Then, in the coming years something started to feel amiss. My feet weren’t quite on solid ground. Not yet. Something inside of me felt conflicted. Confused. I felt disconnected from something vital and I wasn't sure what that was. In the summer between my junior and senior years in college I figured it out. I was gay. I am gay. It still sounds weird to say because it occurred to me so naturally. So seamlessly. Suddenly I'd slipped on a pair of size 8 shoes when I'd been wearing 6's for years. I remember being mad at first. As comfortable as I was with the idea, I was angry that my new smooth-sailing future might now be difficult again.

As a child you have limited control. You can't walk out of a house you can’t stand to be in. You can't save the brothers you love from the same scarring experiences you yourself are trying to cope with. You can’t understand new feelings that will change your entire life’s trajectory. But as you grow up, you realize you’re slowly gaining complete control over how you want to live your life. You can decide that the Father you wish didn't hold the title doesn't have to have a place in your life. You can choose to leave painful memories behind you with the help of a chosen support system. You can decide that a difference is an asset, and feel 100% comfortable in your own skin. You can shape your life, even the unexpected, into what you want it to be.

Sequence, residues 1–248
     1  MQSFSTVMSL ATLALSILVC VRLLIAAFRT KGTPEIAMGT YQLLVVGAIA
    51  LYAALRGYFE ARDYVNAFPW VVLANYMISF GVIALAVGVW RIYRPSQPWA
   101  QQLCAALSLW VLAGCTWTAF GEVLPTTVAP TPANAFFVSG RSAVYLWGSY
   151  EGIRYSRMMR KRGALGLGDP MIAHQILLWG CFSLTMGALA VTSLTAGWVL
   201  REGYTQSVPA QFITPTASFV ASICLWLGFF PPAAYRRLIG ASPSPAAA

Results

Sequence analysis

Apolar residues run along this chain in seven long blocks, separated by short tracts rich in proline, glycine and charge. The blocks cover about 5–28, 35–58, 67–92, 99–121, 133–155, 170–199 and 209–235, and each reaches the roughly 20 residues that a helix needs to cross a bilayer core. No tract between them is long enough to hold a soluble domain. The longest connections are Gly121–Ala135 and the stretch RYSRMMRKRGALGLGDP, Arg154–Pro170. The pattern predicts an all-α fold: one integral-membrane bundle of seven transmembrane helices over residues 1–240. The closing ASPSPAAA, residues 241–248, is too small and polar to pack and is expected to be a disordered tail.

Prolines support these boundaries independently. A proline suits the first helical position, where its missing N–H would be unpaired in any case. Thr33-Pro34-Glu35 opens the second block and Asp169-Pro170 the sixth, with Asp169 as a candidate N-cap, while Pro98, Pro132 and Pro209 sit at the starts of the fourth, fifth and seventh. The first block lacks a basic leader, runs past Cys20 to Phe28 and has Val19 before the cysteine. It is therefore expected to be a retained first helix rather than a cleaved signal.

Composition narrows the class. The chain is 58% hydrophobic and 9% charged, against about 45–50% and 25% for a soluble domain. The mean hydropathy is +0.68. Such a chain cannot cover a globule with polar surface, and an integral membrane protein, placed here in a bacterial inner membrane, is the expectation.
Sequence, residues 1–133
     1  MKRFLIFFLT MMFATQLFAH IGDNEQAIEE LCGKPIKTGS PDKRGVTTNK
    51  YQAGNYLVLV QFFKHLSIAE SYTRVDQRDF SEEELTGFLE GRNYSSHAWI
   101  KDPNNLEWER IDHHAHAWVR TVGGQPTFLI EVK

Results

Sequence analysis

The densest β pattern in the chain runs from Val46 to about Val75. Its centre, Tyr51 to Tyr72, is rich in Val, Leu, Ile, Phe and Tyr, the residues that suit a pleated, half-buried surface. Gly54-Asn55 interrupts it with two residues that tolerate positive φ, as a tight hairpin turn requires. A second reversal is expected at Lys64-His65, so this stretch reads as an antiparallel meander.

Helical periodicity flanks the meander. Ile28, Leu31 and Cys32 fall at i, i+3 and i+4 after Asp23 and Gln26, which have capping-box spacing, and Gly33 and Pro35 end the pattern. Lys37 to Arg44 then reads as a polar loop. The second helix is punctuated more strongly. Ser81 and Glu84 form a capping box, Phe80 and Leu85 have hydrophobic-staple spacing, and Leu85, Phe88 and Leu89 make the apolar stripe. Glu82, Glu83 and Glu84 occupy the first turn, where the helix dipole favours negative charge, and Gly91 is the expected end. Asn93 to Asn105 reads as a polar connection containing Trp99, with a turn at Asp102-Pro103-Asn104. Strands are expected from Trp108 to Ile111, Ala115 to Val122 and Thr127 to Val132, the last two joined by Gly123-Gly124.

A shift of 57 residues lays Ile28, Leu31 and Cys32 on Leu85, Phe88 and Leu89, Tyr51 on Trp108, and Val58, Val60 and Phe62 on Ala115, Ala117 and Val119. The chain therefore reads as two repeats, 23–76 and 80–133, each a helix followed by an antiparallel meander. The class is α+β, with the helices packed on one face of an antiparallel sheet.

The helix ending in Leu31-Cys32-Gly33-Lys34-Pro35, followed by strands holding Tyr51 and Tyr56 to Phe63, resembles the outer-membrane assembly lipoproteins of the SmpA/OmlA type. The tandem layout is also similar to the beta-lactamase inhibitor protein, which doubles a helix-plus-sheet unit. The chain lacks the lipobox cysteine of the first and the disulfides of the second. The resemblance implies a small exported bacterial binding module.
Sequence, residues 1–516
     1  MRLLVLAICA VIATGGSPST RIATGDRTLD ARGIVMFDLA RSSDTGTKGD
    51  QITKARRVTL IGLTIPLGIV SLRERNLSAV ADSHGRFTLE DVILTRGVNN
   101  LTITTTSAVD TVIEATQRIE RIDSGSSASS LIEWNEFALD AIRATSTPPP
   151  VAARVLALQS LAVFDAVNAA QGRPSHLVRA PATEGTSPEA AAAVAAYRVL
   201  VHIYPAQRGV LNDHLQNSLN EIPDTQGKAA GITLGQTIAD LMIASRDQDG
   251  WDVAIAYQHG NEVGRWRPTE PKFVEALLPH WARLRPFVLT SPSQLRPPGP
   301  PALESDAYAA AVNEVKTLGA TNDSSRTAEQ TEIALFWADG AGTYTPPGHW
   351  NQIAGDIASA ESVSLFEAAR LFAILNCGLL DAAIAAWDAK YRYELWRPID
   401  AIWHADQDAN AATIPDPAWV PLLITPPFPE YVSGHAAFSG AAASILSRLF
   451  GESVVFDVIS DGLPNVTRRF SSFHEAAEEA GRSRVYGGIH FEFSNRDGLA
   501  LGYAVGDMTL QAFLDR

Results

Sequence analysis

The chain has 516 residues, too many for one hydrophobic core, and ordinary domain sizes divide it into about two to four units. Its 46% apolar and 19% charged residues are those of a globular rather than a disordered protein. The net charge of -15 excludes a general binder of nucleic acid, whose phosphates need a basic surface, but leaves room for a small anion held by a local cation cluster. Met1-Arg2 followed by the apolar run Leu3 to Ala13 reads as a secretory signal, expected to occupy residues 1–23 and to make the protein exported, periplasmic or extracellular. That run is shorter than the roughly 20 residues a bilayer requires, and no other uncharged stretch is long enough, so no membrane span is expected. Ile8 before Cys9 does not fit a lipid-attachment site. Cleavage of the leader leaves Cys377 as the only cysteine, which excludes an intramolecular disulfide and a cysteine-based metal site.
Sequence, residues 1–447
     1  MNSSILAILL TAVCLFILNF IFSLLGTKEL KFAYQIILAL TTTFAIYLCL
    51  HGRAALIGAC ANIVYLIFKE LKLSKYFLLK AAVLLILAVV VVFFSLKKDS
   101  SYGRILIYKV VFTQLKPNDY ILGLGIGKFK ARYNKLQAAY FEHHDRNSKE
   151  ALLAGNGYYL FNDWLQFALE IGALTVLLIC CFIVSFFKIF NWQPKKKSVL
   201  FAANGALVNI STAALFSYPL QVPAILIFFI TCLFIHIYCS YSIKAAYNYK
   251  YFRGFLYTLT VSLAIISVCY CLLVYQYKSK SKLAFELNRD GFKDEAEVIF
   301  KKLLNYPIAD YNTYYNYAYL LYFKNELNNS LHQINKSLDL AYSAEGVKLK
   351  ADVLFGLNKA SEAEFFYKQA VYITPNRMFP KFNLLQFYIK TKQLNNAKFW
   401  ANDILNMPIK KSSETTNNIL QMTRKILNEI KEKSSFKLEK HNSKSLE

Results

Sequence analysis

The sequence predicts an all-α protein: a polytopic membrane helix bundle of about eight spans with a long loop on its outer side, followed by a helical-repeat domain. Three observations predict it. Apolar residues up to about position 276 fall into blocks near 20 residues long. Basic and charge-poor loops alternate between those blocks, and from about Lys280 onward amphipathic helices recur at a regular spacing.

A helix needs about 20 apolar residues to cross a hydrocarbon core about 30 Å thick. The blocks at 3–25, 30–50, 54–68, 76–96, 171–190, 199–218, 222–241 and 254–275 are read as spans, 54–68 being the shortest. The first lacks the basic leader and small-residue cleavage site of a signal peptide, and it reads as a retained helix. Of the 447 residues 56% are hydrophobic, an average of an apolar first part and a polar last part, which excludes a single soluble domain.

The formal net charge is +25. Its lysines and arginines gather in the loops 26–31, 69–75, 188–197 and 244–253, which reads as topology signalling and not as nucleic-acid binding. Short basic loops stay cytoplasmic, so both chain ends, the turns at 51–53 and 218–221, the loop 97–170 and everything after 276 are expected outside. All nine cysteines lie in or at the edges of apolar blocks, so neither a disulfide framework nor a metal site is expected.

The Ride

I remember thinking as a kid, "next year", "when I get a car", "when I graduate high school", then "college". I was a dreamer for the next phase or period of happiness. The grass was always greener.

There's nothing quite like being in the thick of depression. You have tunnel-vision. You can't see the light at the end of the tunnel, let alone the fact that you're in the tunnel. I feel lucky that my brushes with mental illness were brief and fingers-crossed, 10 years behind me but even into my young 20’s I still found myself looking forward too often. I had a habit of being excited for the next phase before the glue on my currently-achieved goal was dry. I hadn't realized that there was nothing to run from anymore.

This second lesson I can't take credit for. I didn’t stumble upon it myself, but learned it from my very best friend and wife. She taught me that there's no such thing as the happy ending I was constantly striving for. I had to stop looking ahead and start learning to enjoy the ride. The good and the bad. My past may have been a roll of the dice for the next epic upset but now I have control. Maybe not for every ounce of every day, but i know now how incredible life can be and that I don't want to look past a minute of it.

I don’t know if I’m a believer in Karma but I do believe in myself. I believe in the unbelievable power of resiliency and the ability to take each bump in life as just that. I have the control to handle anything life throws at me and the understanding that there is nothing more fulfilling that enjoying each day of this incredible life.


Jordan Corcoran